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Getting Fired Over A Youtube Click

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Corporate productivity depends on employee productivity, right? But what happens when workers are “scared straight” by backwards company policies?

That’s the premise of a recent guest post by our own Robby Slaughter on the CultureRx blog (reposted on Today’s Workplace.) The piece is titled “I’ll be fired instantly”—company policies and results. (Unfortunately that post has been removed from their website, but we saved some bits of it below.) He explains how a conversation at a business networking group about enjoying tunes at the office accidentally revealed a totally insane company policy:

“Why don’t we all do a weekly song share? We can each send out a piece of music we’re listening to at that moment. It will be a great way to motivate and support each other. In fact, we can just email a link to a music video on YouTube!”

Everyone loved the idea…All except the banker. She muttered, “Don’t include me. I can’t click on YouTube at work. I’ll be fired, instantly.

improving worker productivity

© Flickr user drukelly

Slaughter notes that for this particular individual, there could be any number of possible explanations for this story. It might not be a written policy, but just part of the company culture. In any case, he summarizes the key message:

Ultimately, no one should work for a company that has either a written policy or an established culture that explains what you cannot do. Work should be about working. It shouldn’t be about trying to identify all of the possible ways in which someone could be at their desk and not be working.

Here at AccelaWork, we’ve been talking about the irony of corporate productivity for years. For example:

Think about it. If a 10 minute YouTube video refreshes someone’s mind and allows them to be exponentially more productive over the next hour, is that really a waste of time? Is it any more of a waste of time than someone daydreaming for 10 minutes? Just because you can track YouTube and can’t track daydreaming doesn’t mean that either one of them is any better or worse. Unfortunately, too many companies have archaic policies about technology and don’t seek to think about what should happen beyond their first instinct.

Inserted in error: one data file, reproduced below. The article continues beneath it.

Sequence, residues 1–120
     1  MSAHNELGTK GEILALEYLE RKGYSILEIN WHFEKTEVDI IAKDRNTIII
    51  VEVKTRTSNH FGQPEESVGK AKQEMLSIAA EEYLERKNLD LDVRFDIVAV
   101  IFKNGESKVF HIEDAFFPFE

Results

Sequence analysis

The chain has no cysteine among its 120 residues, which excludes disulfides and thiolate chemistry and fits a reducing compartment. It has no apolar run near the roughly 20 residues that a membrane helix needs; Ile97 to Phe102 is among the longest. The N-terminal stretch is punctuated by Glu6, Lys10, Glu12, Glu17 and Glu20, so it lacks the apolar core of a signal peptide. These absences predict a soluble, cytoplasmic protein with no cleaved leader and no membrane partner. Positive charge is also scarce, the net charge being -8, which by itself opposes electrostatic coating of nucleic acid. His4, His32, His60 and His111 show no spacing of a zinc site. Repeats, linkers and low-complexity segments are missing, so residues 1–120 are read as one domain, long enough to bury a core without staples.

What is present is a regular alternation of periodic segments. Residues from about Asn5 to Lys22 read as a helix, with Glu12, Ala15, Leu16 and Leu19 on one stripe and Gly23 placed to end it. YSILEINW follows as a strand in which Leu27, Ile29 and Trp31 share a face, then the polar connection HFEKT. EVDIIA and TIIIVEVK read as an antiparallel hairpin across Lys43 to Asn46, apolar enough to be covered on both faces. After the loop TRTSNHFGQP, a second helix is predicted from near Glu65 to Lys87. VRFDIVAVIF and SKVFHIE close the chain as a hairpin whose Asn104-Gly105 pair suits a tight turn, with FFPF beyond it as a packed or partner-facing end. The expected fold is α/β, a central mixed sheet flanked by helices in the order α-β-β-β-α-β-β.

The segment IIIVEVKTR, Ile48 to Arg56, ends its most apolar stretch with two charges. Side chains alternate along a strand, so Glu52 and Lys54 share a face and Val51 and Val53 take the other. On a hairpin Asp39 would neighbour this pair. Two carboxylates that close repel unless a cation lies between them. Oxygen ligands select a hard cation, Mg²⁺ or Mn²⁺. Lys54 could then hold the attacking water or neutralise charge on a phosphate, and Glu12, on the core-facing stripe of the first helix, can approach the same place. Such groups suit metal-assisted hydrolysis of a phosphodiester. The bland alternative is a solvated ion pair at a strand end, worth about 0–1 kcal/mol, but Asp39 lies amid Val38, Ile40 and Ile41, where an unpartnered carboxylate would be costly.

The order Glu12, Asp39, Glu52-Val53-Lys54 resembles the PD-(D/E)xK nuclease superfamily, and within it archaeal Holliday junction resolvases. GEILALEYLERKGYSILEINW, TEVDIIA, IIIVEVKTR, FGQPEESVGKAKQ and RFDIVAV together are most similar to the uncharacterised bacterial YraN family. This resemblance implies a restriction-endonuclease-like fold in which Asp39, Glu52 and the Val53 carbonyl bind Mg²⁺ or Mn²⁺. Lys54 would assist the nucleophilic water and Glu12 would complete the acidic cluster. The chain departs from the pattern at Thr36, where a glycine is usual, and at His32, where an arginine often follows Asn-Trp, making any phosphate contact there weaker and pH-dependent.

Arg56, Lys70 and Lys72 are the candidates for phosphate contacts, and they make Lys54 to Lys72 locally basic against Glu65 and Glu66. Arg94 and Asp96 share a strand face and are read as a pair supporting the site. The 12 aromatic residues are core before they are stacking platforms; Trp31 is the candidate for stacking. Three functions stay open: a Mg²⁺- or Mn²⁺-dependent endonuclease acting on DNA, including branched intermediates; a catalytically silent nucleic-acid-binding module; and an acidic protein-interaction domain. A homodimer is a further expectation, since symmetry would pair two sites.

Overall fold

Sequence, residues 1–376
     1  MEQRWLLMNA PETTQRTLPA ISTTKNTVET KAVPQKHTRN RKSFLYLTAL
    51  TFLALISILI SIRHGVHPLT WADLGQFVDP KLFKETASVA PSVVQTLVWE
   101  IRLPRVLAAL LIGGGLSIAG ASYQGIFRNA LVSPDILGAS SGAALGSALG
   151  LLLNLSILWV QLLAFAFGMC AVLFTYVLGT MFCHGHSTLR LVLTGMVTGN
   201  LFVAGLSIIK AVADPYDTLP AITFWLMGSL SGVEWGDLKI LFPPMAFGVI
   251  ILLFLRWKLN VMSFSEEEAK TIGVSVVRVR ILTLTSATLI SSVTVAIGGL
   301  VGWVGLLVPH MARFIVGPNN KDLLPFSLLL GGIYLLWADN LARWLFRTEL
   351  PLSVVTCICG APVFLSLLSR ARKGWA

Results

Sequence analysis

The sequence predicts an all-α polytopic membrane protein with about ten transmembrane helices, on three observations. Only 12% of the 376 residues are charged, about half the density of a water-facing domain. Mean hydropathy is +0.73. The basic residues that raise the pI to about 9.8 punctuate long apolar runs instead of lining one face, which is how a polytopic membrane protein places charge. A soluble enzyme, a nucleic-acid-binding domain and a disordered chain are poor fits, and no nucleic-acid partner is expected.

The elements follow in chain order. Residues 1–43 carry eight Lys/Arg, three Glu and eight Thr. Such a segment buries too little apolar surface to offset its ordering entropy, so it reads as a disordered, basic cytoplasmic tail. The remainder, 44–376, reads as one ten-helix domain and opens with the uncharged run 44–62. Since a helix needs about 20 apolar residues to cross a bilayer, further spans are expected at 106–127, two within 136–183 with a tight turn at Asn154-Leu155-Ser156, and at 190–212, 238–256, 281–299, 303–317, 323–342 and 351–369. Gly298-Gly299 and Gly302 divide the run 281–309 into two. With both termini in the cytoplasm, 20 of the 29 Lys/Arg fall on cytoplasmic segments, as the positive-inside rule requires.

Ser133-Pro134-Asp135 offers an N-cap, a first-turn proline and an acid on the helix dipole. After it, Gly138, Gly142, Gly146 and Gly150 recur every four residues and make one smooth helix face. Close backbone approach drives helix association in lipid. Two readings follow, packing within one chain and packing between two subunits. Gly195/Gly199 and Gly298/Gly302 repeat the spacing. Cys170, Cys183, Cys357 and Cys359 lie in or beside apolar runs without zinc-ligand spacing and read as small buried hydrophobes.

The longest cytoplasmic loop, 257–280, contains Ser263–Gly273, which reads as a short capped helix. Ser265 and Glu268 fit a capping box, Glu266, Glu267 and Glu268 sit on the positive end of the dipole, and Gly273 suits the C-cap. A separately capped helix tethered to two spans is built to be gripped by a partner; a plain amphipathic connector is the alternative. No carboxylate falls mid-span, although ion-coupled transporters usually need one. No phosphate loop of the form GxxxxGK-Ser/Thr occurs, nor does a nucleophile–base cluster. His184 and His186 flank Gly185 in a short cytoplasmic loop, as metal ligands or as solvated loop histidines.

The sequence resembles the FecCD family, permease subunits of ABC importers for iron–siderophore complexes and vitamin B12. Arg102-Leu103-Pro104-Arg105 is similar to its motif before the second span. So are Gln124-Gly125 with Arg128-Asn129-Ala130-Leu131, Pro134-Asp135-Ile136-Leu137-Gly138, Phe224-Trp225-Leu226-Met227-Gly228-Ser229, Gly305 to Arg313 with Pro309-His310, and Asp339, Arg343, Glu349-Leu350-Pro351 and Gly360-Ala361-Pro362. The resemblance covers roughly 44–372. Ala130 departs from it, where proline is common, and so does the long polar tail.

This doesn’t only apply to technology issues. Anything that is traditional for the workplace shouldn’t be blindly accepted. It should be analyzed. If it’s actually a positive thing for your organization then keep it. If it doesn’t do anything really productive, then why do rules need to be carved into stone? Do employees really need to work from 9-5? Does a lunch break always have to be from 12-1? Absolutely not! There’s plenty of gray area on these issues, and that gray area is probably where the correct answer is going to be found.

But sadly that isn’t the way many companies think. It’s a safe bet that many reading this have been saddled with dancing around out of date rules and regulations within the workplace. In some situations these rules may make sense, but a majority of the time, they’re just the product of mindlessness. What do you think? Would you lose your job if you decided to take a break and watch a video? Is this financial institution treating employees like children?

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